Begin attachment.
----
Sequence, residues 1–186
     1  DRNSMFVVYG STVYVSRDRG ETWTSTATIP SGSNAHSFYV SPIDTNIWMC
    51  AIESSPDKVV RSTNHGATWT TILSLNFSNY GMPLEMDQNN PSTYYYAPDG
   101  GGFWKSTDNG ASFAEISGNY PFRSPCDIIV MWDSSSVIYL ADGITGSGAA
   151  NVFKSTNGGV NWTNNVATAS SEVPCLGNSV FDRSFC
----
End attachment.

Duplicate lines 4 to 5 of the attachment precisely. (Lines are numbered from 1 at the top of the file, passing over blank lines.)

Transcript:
   101  GGFWKSTDNG ASFAEISGNY PFRSPCDIIV MWDSSSVIYL ADGITGSGAA
   151  NVFKSTNGGV NWTNNVATAS SEVPCLGNSV FDRSFC